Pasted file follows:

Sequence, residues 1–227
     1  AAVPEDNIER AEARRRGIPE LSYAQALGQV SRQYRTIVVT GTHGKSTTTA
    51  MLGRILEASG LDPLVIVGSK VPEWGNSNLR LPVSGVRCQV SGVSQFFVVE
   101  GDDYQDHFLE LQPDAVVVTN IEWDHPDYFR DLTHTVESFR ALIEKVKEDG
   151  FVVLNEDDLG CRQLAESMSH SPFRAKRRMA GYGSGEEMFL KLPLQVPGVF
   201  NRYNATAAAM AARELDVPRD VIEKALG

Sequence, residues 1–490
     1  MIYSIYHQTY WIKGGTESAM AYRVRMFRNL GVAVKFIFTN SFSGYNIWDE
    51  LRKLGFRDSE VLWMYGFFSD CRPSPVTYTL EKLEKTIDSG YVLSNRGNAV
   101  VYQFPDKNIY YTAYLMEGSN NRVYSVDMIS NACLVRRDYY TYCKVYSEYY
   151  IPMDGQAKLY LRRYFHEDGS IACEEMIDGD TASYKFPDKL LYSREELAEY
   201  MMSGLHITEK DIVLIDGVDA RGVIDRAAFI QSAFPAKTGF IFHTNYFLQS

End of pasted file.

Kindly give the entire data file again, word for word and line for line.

Sequence, residues 1–227
     1  AAVPEDNIER AEARRRGIPE LSYAQALGQV SRQYRTIVVT GTHGKSTTTA
    51  MLGRILEASG LDPLVIVGSK VPEWGNSNLR LPVSGVRCQV SGVSQFFVVE
   101  GDDYQDHFLE LQPDAVVVTN IEWDHPDYFR DLTHTVESFR ALIEKVKEDG
   151  FVVLNEDDLG CRQLAESMSH SPFRAKRRMA GYGSGEEMFL KLPLQVPGVF
   201  NRYNATAAAM AARELDVPRD VIEKALG

Sequence, residues 1–490
     1  MIYSIYHQTY WIKGGTESAM AYRVRMFRNL GVAVKFIFTN SFSGYNIWDE
    51  LRKLGFRDSE VLWMYGFFSD CRPSPVTYTL EKLEKTIDSG YVLSNRGNAV
   101  VYQFPDKNIY YTAYLMEGSN NRVYSVDMIS NACLVRRDYY TYCKVYSEYY
   151  IPMDGQAKLY LRRYFHEDGS IACEEMIDGD TASYKFPDKL LYSREELAEY
   201  MMSGLHITEK DIVLIDGVDA RGVIDRAAFI QSAFPAKTGF IFHTNYFLQS